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Bespoke rugmaker Luke Irwin weaves British wit with Nepalese tradition to create a new breed of carpet.

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Actually, you are standing on Prince Charles’s favorite design,” Luke Irwin tells me. It seems slightly treasonous to be treading over something adored by the heir to the British throne, but then, as the English bespoke rugmaker points out, that is exactly what this subtle and engrossing tapestry of ferns was made for.

The 40-year-old Irwin approaches floor coverings with an almost messianic zeal. We meet in central London, in a large basement whose floors are scattered with a dozen or so of the rugs from his five-year-old collection. Most of them are two-tone designs inspired by everything from 5,000-year-old cave paintings to the tools used by his weavers in Kathmandu. The Moonchange is a series of interlocking white circles set against deep blue; the Rolling Field model displays waves of vertical stripes in contrasting colors. There are rugs dotted with flora (the Bluebells, Ferns, Fire Flower) and those strewn with fauna (the Ostrich, Geese, Parrots, Beetles). The one called Exercise depicts multiple childlike figures doing morning calisthenics in striped shorts. Ball Games is a carpet mural of children at play. The rugs are all crisp, bold, and somehow still subtle: Each design is a perfect cross between the always appropriate, if a bit safe, sisal and the wildly over-patterned results of recent trends—the type of rug that grounds a room’s look without overpowering it. All qualities, by the way, shared by their designer.

For the better part of an hour Irwin holds forth on, variously, designing for children (“You don’t just have to do clowns or Mickey Mouse”) and the cowardice of buying from big brands (“There is no courage involved in empty status symbols”).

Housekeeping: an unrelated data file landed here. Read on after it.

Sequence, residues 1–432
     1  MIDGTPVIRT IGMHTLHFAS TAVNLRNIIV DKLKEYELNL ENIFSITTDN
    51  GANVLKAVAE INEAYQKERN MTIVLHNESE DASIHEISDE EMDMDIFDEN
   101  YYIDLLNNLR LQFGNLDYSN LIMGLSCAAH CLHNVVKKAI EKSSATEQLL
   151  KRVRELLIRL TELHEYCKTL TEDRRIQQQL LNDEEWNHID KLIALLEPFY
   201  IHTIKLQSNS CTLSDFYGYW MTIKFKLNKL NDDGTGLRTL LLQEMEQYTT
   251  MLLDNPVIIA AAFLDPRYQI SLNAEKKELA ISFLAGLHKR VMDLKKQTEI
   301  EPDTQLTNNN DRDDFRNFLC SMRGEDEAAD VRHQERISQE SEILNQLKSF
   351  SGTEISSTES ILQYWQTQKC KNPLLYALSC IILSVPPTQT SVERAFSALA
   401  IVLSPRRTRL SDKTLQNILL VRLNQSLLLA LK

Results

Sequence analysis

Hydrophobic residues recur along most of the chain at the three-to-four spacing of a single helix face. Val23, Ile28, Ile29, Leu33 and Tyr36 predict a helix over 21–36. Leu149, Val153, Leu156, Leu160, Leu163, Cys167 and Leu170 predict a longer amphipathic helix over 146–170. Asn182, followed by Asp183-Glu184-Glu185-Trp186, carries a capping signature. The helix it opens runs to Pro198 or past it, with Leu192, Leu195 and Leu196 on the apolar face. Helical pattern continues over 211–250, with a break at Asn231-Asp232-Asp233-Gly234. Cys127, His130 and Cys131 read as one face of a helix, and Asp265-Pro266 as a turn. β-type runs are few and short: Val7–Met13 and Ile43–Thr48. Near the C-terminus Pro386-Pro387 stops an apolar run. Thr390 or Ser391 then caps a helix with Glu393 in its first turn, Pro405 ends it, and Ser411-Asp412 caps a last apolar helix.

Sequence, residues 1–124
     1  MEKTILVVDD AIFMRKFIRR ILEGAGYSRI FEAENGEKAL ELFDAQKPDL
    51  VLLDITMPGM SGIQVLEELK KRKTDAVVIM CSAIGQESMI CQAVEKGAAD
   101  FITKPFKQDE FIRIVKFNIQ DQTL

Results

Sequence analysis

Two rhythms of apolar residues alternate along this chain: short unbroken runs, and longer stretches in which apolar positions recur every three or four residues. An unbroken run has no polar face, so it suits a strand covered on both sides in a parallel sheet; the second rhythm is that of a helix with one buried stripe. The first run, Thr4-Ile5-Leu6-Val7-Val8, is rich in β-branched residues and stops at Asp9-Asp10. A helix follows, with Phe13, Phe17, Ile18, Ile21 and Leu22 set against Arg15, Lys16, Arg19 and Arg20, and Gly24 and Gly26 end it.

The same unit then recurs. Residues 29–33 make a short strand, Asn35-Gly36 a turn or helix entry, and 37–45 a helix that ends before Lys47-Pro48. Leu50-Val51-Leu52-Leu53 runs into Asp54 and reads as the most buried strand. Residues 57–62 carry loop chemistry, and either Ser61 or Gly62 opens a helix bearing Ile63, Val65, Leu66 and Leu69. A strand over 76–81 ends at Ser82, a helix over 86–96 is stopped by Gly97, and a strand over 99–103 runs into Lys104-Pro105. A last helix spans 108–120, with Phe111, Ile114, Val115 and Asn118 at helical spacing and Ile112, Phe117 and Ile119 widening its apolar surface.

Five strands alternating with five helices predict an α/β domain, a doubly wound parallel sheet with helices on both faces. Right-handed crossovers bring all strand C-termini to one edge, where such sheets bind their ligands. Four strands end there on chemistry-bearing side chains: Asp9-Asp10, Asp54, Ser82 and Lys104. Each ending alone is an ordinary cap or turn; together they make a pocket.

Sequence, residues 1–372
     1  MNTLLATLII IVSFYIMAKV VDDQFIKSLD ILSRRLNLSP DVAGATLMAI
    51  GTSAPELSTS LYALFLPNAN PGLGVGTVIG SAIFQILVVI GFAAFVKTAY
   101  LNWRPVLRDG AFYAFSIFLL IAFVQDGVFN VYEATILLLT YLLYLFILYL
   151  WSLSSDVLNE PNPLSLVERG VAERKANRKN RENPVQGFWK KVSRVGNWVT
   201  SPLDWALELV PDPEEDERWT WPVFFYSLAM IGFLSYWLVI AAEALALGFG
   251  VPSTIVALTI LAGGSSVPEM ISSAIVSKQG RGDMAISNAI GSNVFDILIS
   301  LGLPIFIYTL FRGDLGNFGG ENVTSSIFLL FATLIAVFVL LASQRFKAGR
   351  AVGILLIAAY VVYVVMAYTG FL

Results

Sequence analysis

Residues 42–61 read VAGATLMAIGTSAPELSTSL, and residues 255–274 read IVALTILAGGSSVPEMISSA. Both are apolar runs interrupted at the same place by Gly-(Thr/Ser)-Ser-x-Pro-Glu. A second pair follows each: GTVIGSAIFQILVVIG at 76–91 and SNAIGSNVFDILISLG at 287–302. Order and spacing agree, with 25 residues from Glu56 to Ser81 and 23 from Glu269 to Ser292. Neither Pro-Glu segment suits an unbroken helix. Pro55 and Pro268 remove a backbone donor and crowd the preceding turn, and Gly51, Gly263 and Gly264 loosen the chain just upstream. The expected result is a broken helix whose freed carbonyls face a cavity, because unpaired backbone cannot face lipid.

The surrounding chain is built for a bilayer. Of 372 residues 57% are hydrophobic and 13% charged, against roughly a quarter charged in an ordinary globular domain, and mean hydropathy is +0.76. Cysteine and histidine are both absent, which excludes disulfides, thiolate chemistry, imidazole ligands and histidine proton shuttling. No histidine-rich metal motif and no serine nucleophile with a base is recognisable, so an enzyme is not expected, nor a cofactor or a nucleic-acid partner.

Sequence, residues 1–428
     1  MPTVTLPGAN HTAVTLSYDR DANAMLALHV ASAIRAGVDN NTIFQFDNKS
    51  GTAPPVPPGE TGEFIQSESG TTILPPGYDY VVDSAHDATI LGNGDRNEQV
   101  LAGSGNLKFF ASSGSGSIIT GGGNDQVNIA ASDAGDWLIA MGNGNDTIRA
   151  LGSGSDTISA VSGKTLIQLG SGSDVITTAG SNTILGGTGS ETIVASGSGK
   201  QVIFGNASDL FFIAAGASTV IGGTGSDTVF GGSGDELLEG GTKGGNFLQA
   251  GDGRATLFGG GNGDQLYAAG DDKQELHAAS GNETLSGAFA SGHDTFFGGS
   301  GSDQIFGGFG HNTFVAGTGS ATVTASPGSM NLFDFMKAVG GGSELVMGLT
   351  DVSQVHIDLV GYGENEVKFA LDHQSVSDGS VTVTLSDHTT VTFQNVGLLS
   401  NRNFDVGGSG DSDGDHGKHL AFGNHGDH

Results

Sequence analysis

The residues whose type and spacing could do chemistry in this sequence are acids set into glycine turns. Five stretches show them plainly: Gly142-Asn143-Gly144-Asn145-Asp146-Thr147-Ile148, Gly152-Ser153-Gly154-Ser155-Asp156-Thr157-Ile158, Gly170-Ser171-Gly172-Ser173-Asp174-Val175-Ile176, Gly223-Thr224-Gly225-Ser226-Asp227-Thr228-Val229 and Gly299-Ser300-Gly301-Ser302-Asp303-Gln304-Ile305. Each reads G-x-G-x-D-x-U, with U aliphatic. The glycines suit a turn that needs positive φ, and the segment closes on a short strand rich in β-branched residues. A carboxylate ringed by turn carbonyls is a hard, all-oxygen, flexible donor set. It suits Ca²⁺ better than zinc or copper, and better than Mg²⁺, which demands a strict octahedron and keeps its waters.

If Irwin has a touch of the showman about him, it can be ascribed to his first career in the theater. From 1989 to 1991 he served as assistant artistic director of the National Theater of Ireland. In 1991 he moved to London where he began working on everything from the staging of international mega-operas to representing talent. In 2003—in a much-photographed ceremony—he married Alice Elliot, daughter of decorator Annabel Elliot and niece of Camilla, Duchess of Cornwall, hence by marriage niece also of Charles, the Prince of Wales (and admirer of the aforementioned Fern rug).

At a dinner party at his mother-in-law’s six years ago, Irwin was seated next to the son of a master weaver from the Himalayas. That chance encounter set him on course to be a rug designer. He was fascinated by the field but wanted to do more than rework existing themes. It took him some time to come up with a concept, but when he did it was a cracker: crop circles. “You could play around with pile heights,” says Irwin, “use different weaves, and of course it is a design most people see aerially, which seemed perfect for something meant to be laid on a floor.”

Today all of Irwin’s rugs are handmade in Nepal from Tibetan silk and wool, using a traditional weaving technique. The intricate process explains why the time from order to delivery is generally 12 to 16 weeks, depending on the size and the season. “Monsoons can delay the drying process,” says Irwin, “and late October through early November is a national Nepalese holiday.” Each design can be customized to a client’s desires. Some choose to experiment with smaller, almost welcome mat–size proportions; some go for round or octagonal shapes; others want to cover the length of entire rooms. Irwin is currently at work on a silk rug that runs 40 by 20 feet. (Because of the nature of customization, he quotes prices by the square foot: The 100-knot weave begins at $110 per square foot, the slightly less dense 80-knot at $65. Most styles measure at least 9 by 6 feet with a starting price of $3,500.)

Irwin is irritatingly discreet about his clients, letting only tantalizing scraps of information slip about rugs he has made for “huge houses in Notting Hill” and “apartments on Park Avenue.” He is happy to talk about his more public projects, however, such as the series of rugs he did for the British National Trust and the carpets he created for the Dunhill “homes,” a network of clubs that the British luxury brand is opening this year in London, Tokyo, and Shanghai. In America the rugs can be seen on many of the floors of Bergdorf Goodman. Soon its well-shod clientele will be able to buy the designs beneath their feet: Irwin is working on a line exclusively for the store.

Luke Irwin prefers visiting each site so he can consult and advise clients on color, design, and size. He can be reached at 44-1725/553-000 or; His carpets can also be ordered through A.M. Collections (212-625-2616).


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